Thursday, 20 June, 2024
HomeNews ReleaseMillions of unnecessary deaths from hepatitis globally

Millions of unnecessary deaths from hepatitis globally

Ahead of World Hepatitis Day today (28 July), the World Hepatitis Alliance (WHA) has launched a white paper outlining the human impact of mother-to-child transmission of hepatitis B. The white paper highlights that 1.5m (1.1m-2.6m) people newly acquired hepatitis B in 20191. Most of these were as a result of mother-to-child transmission.

A safe and effective vaccine for hepatitis B has been available for more than four decades, but many countries have not yet harnessed its power effectively. More than half of infants worldwide still do not have access to the hepatitis B birth dose vaccine. In Africa, for example, only about 6% of infants receive timely birth dose vaccine2.

On World Hepatitis Day, the WHA and its global network of 320 members in 100 countries will come together with the global health community to highlight the need to accelerate the fight against viral hepatitis and the importance of testing and treatment for the real people who need it.

Ahead of the day, WHA’s white paper ‘Mothers and babies can’t wait – A call for action to end mother-to-child transmission of hepatitis B’, made policy recommendations, which, when carried out in addition to established guidelines, will ensure that prevention of mother to child transmission services are equitable, accessible, and available to all who need them.

Why is viral hepatitis important?

  • WHO estimated that in 2019, 296m people were living with chronic hepatitis B3. Hepatitis B can cause liver scarring, liver failure and liver cancer
  • By 2040, deaths from viral hepatitis are expected to exceed mortality from HIV, malaria, and tuberculosis combined4
  • Approximately nine in 10 infected infants develop chronic hepatitis B, and around 25% of them will die of liver-related complications later in life
  • The burden of hepatitis disproportionately affects the economically disadvantaged, with an estimated 197m of hepatitis B-positive people (~79%) living in low- and middle-income countries in the African and Western Pacific regions7

Mothers and babies can’t wait – A call for action to end mother-to-child transmission of hepatitis B:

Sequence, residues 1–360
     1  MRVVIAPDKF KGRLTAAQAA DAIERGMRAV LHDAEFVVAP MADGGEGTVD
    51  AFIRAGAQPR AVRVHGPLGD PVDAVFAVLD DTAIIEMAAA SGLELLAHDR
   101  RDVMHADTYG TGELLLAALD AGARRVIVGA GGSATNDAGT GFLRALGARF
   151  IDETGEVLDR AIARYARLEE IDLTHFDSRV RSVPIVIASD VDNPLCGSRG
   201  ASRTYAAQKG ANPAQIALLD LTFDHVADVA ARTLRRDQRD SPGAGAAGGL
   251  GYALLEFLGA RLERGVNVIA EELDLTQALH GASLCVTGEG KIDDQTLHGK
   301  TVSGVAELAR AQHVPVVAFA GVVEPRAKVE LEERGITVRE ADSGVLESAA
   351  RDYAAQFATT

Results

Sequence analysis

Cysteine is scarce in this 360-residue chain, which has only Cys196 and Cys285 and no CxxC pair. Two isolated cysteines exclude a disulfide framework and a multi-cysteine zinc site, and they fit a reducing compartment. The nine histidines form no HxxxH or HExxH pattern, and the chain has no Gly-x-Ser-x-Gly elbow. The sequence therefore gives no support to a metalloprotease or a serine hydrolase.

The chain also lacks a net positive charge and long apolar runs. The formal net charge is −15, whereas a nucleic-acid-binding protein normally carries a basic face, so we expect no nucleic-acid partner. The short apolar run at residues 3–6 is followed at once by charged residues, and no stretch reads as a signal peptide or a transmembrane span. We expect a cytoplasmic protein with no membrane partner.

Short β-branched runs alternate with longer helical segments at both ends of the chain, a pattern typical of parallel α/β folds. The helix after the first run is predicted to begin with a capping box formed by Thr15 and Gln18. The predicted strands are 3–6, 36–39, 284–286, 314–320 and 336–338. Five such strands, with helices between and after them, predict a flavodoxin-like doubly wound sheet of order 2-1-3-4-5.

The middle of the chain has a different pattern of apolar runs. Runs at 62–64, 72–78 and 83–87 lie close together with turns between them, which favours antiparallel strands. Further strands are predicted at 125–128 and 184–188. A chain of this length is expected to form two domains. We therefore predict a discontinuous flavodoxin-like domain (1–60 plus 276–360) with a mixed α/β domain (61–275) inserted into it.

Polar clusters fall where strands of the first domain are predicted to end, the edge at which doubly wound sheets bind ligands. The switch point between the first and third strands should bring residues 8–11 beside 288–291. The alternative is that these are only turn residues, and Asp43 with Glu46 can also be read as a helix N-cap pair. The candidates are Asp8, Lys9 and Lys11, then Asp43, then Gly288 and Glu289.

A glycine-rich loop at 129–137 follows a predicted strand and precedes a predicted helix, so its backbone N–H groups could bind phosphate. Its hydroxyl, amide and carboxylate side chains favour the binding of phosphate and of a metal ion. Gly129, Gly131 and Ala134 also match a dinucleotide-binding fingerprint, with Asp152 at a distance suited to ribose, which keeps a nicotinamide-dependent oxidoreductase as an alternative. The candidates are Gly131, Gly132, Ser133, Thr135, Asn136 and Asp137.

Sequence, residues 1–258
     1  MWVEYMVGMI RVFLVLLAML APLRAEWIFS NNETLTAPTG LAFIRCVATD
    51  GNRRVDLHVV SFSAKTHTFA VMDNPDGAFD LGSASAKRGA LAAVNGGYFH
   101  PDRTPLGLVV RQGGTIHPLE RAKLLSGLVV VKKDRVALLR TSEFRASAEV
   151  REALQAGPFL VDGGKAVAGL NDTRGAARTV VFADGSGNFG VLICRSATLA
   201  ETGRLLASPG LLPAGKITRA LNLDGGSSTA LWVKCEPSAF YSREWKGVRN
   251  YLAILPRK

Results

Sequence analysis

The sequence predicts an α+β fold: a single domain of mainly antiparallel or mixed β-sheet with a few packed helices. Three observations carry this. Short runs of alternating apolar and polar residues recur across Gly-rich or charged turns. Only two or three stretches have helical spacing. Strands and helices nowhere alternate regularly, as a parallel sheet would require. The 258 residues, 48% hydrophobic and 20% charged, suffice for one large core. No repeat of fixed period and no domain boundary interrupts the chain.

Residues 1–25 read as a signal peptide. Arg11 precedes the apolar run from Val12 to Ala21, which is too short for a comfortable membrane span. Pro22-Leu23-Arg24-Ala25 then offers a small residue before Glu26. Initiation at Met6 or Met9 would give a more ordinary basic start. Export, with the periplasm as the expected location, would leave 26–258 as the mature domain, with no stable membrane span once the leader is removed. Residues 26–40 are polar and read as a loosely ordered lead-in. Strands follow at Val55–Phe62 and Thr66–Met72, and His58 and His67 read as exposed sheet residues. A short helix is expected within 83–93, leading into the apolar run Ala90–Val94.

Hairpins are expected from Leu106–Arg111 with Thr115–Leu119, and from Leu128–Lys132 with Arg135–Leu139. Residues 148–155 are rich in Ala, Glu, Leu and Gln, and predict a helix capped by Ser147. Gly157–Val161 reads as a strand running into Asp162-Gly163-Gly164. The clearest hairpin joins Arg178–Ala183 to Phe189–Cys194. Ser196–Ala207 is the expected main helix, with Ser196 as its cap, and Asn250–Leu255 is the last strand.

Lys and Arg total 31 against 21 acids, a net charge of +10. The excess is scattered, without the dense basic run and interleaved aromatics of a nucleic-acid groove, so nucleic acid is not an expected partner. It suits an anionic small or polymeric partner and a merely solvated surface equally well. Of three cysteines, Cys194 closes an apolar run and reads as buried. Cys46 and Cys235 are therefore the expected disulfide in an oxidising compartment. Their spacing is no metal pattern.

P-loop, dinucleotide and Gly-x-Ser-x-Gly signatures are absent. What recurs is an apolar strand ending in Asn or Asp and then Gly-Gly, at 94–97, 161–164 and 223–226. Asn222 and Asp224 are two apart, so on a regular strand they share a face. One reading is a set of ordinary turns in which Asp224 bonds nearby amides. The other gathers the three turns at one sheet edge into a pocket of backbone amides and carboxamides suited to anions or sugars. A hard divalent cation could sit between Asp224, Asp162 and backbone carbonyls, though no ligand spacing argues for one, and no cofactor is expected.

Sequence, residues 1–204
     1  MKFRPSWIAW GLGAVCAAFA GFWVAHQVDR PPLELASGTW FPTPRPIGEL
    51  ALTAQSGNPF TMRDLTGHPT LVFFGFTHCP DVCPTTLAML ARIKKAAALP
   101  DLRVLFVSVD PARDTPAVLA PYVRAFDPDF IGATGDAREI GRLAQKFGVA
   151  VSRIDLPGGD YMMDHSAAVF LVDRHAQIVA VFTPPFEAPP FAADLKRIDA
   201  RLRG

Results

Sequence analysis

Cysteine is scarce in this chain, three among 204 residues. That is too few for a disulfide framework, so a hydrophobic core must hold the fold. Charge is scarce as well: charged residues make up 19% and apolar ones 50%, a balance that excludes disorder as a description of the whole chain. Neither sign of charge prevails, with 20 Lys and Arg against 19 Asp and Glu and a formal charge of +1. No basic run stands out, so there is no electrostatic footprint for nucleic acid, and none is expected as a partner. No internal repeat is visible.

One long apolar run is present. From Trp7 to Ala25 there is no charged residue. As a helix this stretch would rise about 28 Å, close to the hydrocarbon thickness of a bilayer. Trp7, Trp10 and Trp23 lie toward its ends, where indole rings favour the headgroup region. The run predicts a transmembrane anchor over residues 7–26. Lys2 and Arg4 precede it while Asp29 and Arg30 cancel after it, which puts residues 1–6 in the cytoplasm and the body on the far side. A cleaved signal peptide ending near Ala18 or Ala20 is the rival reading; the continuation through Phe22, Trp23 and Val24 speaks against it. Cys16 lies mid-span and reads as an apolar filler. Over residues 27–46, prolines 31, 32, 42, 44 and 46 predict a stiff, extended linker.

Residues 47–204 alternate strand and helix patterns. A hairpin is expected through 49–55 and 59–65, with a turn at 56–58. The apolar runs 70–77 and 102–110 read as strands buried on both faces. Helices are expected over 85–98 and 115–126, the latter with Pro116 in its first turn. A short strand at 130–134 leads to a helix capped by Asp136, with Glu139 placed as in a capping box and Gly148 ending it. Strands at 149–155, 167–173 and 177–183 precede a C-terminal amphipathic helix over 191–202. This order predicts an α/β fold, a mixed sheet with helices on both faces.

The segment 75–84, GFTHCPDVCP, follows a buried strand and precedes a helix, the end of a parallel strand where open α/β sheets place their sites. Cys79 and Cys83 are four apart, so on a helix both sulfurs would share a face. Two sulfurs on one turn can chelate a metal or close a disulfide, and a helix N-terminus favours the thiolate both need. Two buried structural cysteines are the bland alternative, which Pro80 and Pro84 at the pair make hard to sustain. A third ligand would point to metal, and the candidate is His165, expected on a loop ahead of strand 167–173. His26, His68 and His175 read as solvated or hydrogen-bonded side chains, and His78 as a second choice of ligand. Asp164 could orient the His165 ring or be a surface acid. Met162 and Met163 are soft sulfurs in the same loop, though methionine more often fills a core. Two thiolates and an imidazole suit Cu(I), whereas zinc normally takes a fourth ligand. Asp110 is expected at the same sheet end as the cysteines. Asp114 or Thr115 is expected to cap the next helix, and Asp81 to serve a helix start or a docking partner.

Recommendations from the white paper include educational programmes and training to play a part in empowering and informing pregnant woman as a prenatal standard of care. These programmes must provide accurate information and share people’s experiences of living with hepatitis B and be made accessible to all, to combat the stigma and misinformation surrounding living with hepatitis.

Individuals living with hepatitis B often face challenges due to the stigma associated to the disease. This may hinder both health-seeking behaviours and public health efforts aimed at promoting hepatitis B testing and linkage to care. The paper recommends that health care professionals receive mandatory training to increase access to services and reduce hepatitis-related stigma in antenatal care.

Community-based organisations should be resourced and empowered to inform and support communities and play a recognised role in health care systems and hepatitis B elimination

Recommendations from the policy paper include funding and resources being provided to support WHO’s Triple Elimination Initiative and the implementation of known, cost-effective prevention of mother-to-child transmission of HIV, viral hepatitis and syphilis interventions.

WHO has combined the strategies for the elimination of mother-to-child transmission of hepatitis B, HIV and syphilis, within the context of the Triple Elimination Initiative. This strategy will address some of the discrepancies that currently exist between resourcing for hepatitis B, syphilis and HIV, as well as promoting integration.

Danjuma Adda, president, World Hepatitis Alliance says: “If we are to reach the 2030 hepatitis B elimination goals, we must address the systemic barriers to the prevention of mother-to-child transmission of hepatitis around the world and put the focus and attention on the needs of women. Because of gender and socioeconomic disparities, the women who are most likely to be affected by hepatitis B are often the ones least likely to have access to the healthcare needed to prevent passing it to their new-borns.”

Cary James, chief executive, World Hepatitis Alliance says:  “Funding the prevention of mother-to-child transmission of hepatitis can help kickstart a rolling cycle of health improvement. This, in turn, will lead to greater health and quality of life for many. In this way, not only is the health of individual women improved, but that of whole communities.”

Alice, USA, lives with hepatitis B and is passionate about raising awareness of hepatitis B:

“I still feel a profound stigma because of how I was raised. I was ashamed to share my health status until 2018, when I was invited to participate in the storytelling campaign of the Hepatitis B Foundation. It was storytelling in a circle with people living with hepatitis B and family members, the circle time enabled me to open up.

“I could hear people sharing their story around me and I felt comfortable. Once I started talking and sharing my experience, I felt the trust and comfort in this circle of people. I thought, yes, I’m fine, I can share my information with everyone. It’s also a rewarding experience encouraging me to continue the outreach to promote hepatitis B prevention and vaccination.”

WHA’s full white paper: “Mothers and babies can’t wait – A call for action to end mother-to-child transmission of hepatitis B”, can be downloaded from here: www.worldhepatitisalliance.org/pmtct-report/

This report was supported by Kedrion Biopharma, with an unrestricted educational grant.

Issue by the The World Hepatitis Alliance  

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